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      The Duality of Human Nature : Coercion and Prosociality in Youths’ Hierarchy Ascension and Social Success

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      Current Directions in Psychological Science
      SAGE Publications

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          Altruistic helping in human infants and young chimpanzees.

          Human beings routinely help others to achieve their goals, even when the helper receives no immediate benefit and the person helped is a stranger. Such altruistic behaviors (toward non-kin) are extremely rare evolutionarily, with some theorists even proposing that they are uniquely human. Here we show that human children as young as 18 months of age (prelinguistic or just-linguistic) quite readily help others to achieve their goals in a variety of different situations. This requires both an understanding of others' goals and an altruistic motivation to help. In addition, we demonstrate similar though less robust skills and motivations in three young chimpanzees.
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            Social withdrawal in childhood.

            Socially withdrawn children frequently refrain from social activities in the presence of peers. The lack of social interaction in childhood may result from a variety of causes, including social fear and anxiety or a preference for solitude. From early childhood through to adolescence, socially withdrawn children are concurrently and predictively at risk for a wide range of negative adjustment outcomes, including socio-emotional difficulties (e.g., anxiety, low self-esteem, depressive symptoms, and internalizing problems), peer difficulties (e.g., rejection, victimization, poor friendship quality), and school difficulties (e.g., poor-quality teacher-child relationships, academic difficulties, school avoidance). The goals of the current review are to (a) provide some definitional, theoretical, and methodological clarity to the complex array of terms and constructs previously employed in the study of social withdrawal; (b) examine the predictors, correlates, and consequences of child and early-adolescent social withdrawal; and (c) present a developmental framework describing pathways to and from social withdrawal in childhood.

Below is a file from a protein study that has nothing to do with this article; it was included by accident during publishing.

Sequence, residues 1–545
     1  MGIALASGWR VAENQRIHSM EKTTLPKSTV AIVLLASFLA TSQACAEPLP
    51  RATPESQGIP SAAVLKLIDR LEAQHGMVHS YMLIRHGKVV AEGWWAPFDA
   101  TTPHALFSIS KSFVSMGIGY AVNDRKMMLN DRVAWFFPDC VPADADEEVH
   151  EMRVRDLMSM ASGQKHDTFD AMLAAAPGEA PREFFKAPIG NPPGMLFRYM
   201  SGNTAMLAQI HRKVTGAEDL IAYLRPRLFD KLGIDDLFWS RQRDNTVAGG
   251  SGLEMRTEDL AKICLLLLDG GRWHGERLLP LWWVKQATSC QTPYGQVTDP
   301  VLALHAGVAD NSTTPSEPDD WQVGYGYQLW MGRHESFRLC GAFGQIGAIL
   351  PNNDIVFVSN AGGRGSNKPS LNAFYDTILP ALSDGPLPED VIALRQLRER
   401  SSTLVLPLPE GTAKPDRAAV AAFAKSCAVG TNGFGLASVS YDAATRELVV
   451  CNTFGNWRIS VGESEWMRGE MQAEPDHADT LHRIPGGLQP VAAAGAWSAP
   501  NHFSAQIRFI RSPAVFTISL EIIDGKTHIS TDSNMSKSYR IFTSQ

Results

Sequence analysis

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              The Ontogenesis of Social Dominance: A Strategy-Based Evolutionary Perspective

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                Author and article information

                Journal
                Current Directions in Psychological Science
                Curr Dir Psychol Sci
                SAGE Publications
                0963-7214
                1467-8721
                December 16 2014
                December 2014
                December 16 2014
                December 2014
                : 23
                : 6
                : 433-438
                Affiliations
                [1 ]Texas Tech University
                Article
                10.1177/0963721414548417
                6ee484f6-02c2-4079-a660-d9158a61053d
                © 2014

                http://journals.sagepub.com/page/policies/text-and-data-mining-license

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